Back in December, AEG Live, Action 3D and Cinedigm released Larger Than Life in 3D. The 90-minute theatrical concert movie featured performances from Dave Mathews, Ben Harper and Gogol Bordello from the 2009 Austin City Limits Festival. It was a limited one-week run to test out a new kind of theatrical concert experience filmed and presented in full 3D HD. Did it successfully usher in a brand new bread of concert film or did it’s lack of cinematic storytelling rock fans to sleep?

Larger Than Life was the first of several other 3D theatrical concerts AEG Live plans to release in 2010. When I heard the news last fall I thought that they had captured footage from 2009 music festivals like Lollapalooza, All Points West and Mile High Music Festival, I thought about all the ways this could revolutionize how we relive our favorite concerts experiences, or even influence what we expect from real live concerts. I initially considered it a move that would forever change the art of the concert film, too. I also wondered if Larger Than Life would be an improvement on the U2, Jonas Brothers, Miley Cyrus or even the Micheal Jackson This Is It IMAX concert experiences.

“Lovesong” - The Cure
Lyrics by Robert Smith
Music by Robert Smith, Simon Gallup, Porl Thompson, Roger O’Donnell, and Laurence Tolhurst
From Disintegration, Elektra Records, 1989

An earlier edit of this V-C-V was first published December 6, 2005 on pcmunoz.com

I’m the first to admit that I was quite the funky-come-lately when it comes to The Cure. When they first came to my attention in the early ‘80s, I was too knee deep in funk and early hip-hop to give them much of an ear, even though I definitely dug Gary Numan, Lene Lovich, and other darkish new-wavey types who were flirting with the funk/dance rhythms of the day.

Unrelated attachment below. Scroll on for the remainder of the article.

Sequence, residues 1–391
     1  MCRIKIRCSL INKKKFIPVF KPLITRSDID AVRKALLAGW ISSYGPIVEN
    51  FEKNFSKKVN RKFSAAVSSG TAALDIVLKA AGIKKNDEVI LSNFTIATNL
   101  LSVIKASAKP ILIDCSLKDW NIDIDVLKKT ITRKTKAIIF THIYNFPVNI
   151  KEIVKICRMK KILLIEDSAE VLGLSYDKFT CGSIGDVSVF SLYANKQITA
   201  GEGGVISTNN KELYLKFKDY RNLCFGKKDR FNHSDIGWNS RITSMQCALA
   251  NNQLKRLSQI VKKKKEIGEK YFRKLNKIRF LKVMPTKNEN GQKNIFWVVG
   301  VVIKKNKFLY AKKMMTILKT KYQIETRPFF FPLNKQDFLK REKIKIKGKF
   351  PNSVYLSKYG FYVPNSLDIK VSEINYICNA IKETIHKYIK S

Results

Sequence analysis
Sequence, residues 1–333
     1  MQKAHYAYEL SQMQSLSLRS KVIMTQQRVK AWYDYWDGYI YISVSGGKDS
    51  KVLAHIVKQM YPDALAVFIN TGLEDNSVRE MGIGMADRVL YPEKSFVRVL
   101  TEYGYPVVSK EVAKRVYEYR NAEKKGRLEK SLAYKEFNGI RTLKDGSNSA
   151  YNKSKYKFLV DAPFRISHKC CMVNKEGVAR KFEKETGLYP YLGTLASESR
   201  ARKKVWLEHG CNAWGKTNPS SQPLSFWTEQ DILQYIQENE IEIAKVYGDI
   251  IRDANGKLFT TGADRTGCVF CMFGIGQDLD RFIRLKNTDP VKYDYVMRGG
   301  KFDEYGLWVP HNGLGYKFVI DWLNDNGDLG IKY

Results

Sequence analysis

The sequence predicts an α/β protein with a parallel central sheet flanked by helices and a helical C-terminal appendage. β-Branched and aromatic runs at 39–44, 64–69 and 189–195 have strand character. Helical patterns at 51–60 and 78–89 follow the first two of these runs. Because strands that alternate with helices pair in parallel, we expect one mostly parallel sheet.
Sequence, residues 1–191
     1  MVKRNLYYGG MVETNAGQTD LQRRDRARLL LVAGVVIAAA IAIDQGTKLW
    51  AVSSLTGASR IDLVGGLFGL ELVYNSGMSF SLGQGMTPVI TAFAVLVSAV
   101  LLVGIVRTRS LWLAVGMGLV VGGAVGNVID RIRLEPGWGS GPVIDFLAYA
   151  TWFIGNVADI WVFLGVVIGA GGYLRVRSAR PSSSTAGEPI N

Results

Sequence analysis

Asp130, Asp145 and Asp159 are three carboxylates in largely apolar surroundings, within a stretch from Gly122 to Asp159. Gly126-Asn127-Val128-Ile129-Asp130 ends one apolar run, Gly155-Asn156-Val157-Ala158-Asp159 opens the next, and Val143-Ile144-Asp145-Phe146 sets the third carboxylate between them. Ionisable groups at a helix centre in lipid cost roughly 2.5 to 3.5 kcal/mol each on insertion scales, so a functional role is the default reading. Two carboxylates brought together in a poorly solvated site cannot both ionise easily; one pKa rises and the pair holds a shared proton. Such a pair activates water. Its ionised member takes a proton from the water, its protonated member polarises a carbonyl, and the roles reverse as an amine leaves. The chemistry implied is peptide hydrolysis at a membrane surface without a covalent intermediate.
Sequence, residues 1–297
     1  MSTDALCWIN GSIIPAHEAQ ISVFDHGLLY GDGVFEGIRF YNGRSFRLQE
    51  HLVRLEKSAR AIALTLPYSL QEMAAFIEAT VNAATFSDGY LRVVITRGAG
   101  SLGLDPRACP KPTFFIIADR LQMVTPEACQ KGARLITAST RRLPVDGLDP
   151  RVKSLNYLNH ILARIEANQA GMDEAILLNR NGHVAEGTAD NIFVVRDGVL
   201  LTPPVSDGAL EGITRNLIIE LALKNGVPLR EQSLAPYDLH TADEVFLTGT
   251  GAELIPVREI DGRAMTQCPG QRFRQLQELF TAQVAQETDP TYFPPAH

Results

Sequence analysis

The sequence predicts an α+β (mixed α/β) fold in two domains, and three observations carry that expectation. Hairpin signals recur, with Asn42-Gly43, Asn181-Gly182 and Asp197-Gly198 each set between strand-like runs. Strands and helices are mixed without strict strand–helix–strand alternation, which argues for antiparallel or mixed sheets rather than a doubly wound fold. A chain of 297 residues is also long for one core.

The Cure’s absence from my collection doesn’t mean I wasn’t aware of why the group was popular, or what Smith was all about. I had heard their more popular songs all over the place, and as a young musician, I made a habit of reading all of the interviews in the music magazines I purchased, whether or not I was a fan of the interviewee. Over the years, I found that I always enjoyed reading interviews with Robert Smith, though I still resisted picking up the albums, for some reason. They became one of those bands whom I respected by default, but never really investigated.

When playing Patrick & Eugene’s debut album for the first time, get ready to raise some eyebrows.  It starts with a simple ukelele melody, followed by some sweet vocals, then a thumping dance beat, a horn section, and next thing you know ... you’re probably dancing to it (and that’s all before the saxophones and whistles come in). 

Yes, Patrick & Eugene’s style is a bit off-beat, but the UK band makes no apologies for their relentlessly optimistic music, and this might explain why the duo has done as well as they have, with their debut album Birds, Bees, Flowers and Trees receiving all sorts of raves while the track “The Birds and the Bees” has been spotted in a national VW ad. Toss in a cover of Kylie Minogue’s “Can’t Get You Out of My Head” that wouldn’t sound too out of place on the Borat soundtrack and some ridiculously playful live shows, and you the recipe for something genuinely special.

Now, the one and only Eugene Bezoids takes part in PopMatters’ 20 Questions feature, discussing how good he’d look in an ellipsis, why setting Patrick’s hair on fire may or may not be part of a magic trick, and his unabashed love for ... cider.